19 thoughts on “How bad is washing your clothes? What are the best ways to learn how to do it with minimal damage?

  1. Anonymous says:

    the instructions on the label are the absolute worst you would want to treat a garment.
    use milder settings if possible.

    for natural fiber garments, you can reduce the need for washing by spot cleaning as needed and letting them hang out in open air for at least a while between wears.

    • Anonymous says:

      I spot clean my jeans that aren’t for work and fold them, put them in a zip lock bag and in the freezer for two days every couple of weeks. Shirts, I try to wear undershirts with and those get washed after one wear, and the shirt that buttons I’ll try to squeeze two or three wears out of before washing, which is only possible because of the undershirt but eventually the collars get dirty. T shirts there’s nothing you can do to avoid washing them after one wear- since they touch your pits, neck, and back with sweat glands and sebaceous sweat glands they’re basically like underwear and are one use. Jackets can be spot cleaned only and dry clean as needed, maybe every other year.

      • Anonymous says:

        Also never get a front load washer. They start to stink and must be washed and sanitized. The seal for the door also ends up leaking and needs to be replaced. Never buy any LG or Samsung appliances either. Whirlpool and Maytag are better and Speed Queen is the best. GE is only slightly better than LG or Samsung.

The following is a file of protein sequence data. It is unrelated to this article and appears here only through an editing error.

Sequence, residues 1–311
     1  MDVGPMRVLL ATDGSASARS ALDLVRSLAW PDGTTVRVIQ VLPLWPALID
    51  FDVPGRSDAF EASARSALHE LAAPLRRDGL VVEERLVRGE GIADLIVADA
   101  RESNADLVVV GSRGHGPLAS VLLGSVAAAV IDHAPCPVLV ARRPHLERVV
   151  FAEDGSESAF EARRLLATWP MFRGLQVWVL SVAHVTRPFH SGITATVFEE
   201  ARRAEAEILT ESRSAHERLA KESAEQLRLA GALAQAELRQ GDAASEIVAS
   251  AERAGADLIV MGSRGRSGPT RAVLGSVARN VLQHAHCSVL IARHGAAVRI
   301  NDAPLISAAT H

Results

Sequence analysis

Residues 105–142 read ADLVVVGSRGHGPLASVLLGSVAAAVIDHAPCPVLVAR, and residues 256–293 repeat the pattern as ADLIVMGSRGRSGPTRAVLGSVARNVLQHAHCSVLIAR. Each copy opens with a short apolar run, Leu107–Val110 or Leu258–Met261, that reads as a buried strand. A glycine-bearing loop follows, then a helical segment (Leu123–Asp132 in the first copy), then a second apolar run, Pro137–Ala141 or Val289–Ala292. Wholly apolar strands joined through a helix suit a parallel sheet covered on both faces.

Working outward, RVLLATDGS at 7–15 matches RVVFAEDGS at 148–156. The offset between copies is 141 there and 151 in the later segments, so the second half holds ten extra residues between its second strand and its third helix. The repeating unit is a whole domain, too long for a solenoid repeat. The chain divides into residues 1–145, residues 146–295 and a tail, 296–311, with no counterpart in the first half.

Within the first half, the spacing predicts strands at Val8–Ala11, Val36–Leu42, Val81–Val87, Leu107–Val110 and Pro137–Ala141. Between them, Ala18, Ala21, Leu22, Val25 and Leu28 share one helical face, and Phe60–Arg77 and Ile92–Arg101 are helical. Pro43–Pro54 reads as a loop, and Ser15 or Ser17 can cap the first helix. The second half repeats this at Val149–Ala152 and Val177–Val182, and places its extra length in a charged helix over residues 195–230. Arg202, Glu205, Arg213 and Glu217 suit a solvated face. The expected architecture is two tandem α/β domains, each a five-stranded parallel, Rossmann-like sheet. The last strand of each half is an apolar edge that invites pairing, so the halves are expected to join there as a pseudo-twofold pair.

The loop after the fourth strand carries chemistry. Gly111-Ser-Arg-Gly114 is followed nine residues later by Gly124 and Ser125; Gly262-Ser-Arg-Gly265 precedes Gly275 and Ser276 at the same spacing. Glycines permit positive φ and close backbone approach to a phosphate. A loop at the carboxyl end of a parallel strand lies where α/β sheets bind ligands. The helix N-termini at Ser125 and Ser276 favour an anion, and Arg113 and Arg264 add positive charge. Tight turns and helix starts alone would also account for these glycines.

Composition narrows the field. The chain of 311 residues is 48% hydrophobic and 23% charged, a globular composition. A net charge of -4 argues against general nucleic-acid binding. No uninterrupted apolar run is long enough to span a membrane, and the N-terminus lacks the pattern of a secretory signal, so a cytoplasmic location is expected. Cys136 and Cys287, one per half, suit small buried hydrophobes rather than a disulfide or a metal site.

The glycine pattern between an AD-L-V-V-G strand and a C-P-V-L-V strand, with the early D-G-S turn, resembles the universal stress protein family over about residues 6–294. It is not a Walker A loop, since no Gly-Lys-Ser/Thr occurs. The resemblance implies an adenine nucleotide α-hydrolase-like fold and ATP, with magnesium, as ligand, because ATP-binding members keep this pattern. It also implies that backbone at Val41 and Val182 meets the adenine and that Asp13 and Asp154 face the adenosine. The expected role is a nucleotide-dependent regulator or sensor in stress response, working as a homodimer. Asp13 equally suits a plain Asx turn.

>t. maintenance man who repairs lots of appliances

    • Anonymous says:

      >the instructions on the label are the absolute worst you would want to treat a garment.
      >use milder settings if possible.
      >me over here throwing all my hand-wash only stuff in with everything else.
      >never sort by color
      >clothes have held up for years, only finally had a pair of shorts wear through that I bought in 2016 at H&M for $20 dollars

      I don’t get why people call h&m fast fashion, their stuff is quality and I’ve been wearing their stuff for years. My favorite sweater is a $20 dollar 100% cotton sweater that I don’t want to ever get rid of. Also clothing technology and washing technology have come so far that they can get washed so efficiently, and you don’t have to sort anymore. My mom doesn’t believe it when she sees how I do laundry lol.

        • Anonymous says:

          I don’t think it’s about being correct, I think it’s just about finding whatever process gets your clothes washed the best with the least effort and fuss. I know I don’t really get my clothes very dirty and I know I’m gentle with them, and I think that’s really been the biggest thing in having them last so long. Washing is only part of that, but I’ve found that doing a quick wash on medium usually works great because it’s only 35 -45 mins and everything smells fresh and is soft so hey I’m happy.

          I think if I started to think about it too much then I would start getting ocd about it and I don’t have the time or energy to do that because I’m busy working and living my life, ya know.

  2. Anonymous says:

    I’ve learned this the hard way: USE LOW HEAT
    My braindead ass thought "oh more heat means dry faster" so I would dry my clothes on high heat. Use longer low heat cycles for everything but soaked towels.

  3. Anonymous says:

    i dont know if you know this but clothes have how to wash instructions on them. i just dry clean most stuff

  4. Anonymous says:

    >cold wash, minimal detergent
    >hang dry all pants
    >low heat dry cycle

    since i started doing this, every new article of clothing i’ve bought has stayed looking new, compared to some things that have gone thru warm/hot washes and medium/high dry cycles multiple times.

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